• Thu. Sep 21st, 2023

Uganda, Kasangati | Real Muloodi News |  In Part 1 of this series, we explored the story of Mr Sulaiman Kururagire, a humble motorcyclist in Kampala who constructed his dream home despite his meagre salary. In this next instalment, we share Mr Michael Barigye’s story of building on a low budget. 

Mr Barigye had saved USh 30 million over four years from his job and upcountry banana farming project. In 2006, he bought a 50 x 100 foot plot of land in Kasangati for USh 17 million. He started building with the remaining USh 13 million. Mr Barigye’s dream house was a three-bedroom house with two indoor toilets, a bathroom, sitting and dining rooms and a kitchen. 

According to Mr Barigye, he spent most his USh 13 million on the foundation of his home. The foundation consumed about 40 bags of cement, each bag cost USh 32,000. The money could only raise the house up to the window level. He halted the work at that level for nine months as he worked and saved more money to resume.

“I did not compromise on the foundation because I was aware it determines the strength of the house. I bought hardcore stones, gravel, a few iron bars and clay bricks that could withstand any kind of water affects on the foundation. It is where the bigger percentage of the USh 13 million was spent,” Mr Barigye says.

Mr Barigye’s target was to raise at least USh 15 million in nine months to take him to the next level. Once he reached his USh 15 million target, he resumed from the window level, past the ring beam level, and purchased all the timber for roofing. He then got a top-up loan of USh 6 million from a Sacco to finish roofing.

“The USh 15 m was not enough to buy versatile iron sheets, and I had to halt again for approximately one and a half months as I saved for iron sheets. It compelled me to get a low-interest loan of USh 6 million from a Sacco at work to do the roofing, because I did not want the roofing timber to get damaged and add to my expenditure,” Mr Barigye explains.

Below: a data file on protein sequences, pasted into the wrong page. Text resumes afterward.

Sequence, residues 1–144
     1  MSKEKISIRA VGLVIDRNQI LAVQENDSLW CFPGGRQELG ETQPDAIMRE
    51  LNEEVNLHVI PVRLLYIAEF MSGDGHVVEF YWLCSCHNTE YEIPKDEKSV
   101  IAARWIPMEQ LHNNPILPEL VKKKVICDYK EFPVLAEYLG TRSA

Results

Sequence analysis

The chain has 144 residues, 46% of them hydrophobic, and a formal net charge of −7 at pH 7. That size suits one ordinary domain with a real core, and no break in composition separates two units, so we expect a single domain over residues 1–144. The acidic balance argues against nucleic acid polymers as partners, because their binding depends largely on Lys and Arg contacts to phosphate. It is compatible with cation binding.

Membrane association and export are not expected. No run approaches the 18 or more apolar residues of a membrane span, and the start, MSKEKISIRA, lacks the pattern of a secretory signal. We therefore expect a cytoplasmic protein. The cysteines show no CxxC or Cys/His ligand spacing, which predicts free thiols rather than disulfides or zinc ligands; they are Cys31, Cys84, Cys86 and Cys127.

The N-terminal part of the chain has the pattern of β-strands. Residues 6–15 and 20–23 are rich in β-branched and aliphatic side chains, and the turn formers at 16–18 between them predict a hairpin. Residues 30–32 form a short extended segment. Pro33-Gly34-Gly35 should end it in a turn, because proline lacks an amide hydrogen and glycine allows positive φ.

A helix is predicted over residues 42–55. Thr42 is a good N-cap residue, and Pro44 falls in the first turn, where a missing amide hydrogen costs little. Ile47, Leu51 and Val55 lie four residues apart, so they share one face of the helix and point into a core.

Roofing and fixing the window and door frames cost him approximately USh 6 million. In 2018, Mr Barigye halted the construction once again for eight months, because he had become financially dry.

Mr Barigye continued working and saved around USh 6 million, which he used for plastering. He bought white sand, one truck trip at USh 600,000. Upon realising that he was running out of sand, he supplemented it with one sand trip of a smaller Isuzu Forward truck at USh 300,000. 

“The cost of sand depends on the source. I sourced mine from Kapeeka, in Luweero. When you buy it from local dealers who also source it, it is costly compared to when you get it from the source,” Mr Barigye advises.

Mr Barigye used 60 bags of cement, each at USh 1.92 million, while labour cost USh 2 million to complete the plastering. In total, he spent about USh 40 million from the foundation to plastering, which left him financially exhausted. Therefore, he moved in before painting. 

He advises that if you are building on a low budget, look around for a trustworthy and patient engineer. Open up to your engineer about your income inflow so that there is no extravagance in using materials, even when you are not at the site.

According to Joseph Oryang, an engineer with Century Investors Limited, if your dream is to build a home on a small income, putting up a simple two-bedroom house may cost close to USh 50 to USh 60 m with the installation of a sewerage system. 

Mr Oryang says that with skilled workers, building materials such as bricks or blocks are easily made on-site instead of purchasing them from a vendor, thus saving the homebuilder money.

Additionally, you only need to purchase cement, sand and block frames. If blocks are laid well with smooth surfaces, you can save on plastering the inside and outside.

To further save on your home construction, Mr Oryang recommends limiting the number of interior doors. 

William Kavuma, a furniture dealer at Ndeeba, says you can use semi-solid and solid flush as interior doors. 

Semi-solid flush doors cost between USh 70,000 and USh 100,000 a piece, while the solid flush doors, depending on the type of wood, can cost up to USh 400,000 without the frame.

Building the house of your dreams on a low budget is challenging, but achievable if you have discipline and resolve. If you cut down on unnecessary expenses, you will have a plot of land on which you can build your dream house in a relatively short time.

Today’s featured image is by ConceptHome.com, Concept Engineering LLC., provider of quality architectural designs. If you like what you see, you can order the Architectural Design PDF & CAD SET for House Plan CH577 for US$ 390 directly from their website. 


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Cost Analysis: Building Your Dream House on a Small Income, Part 1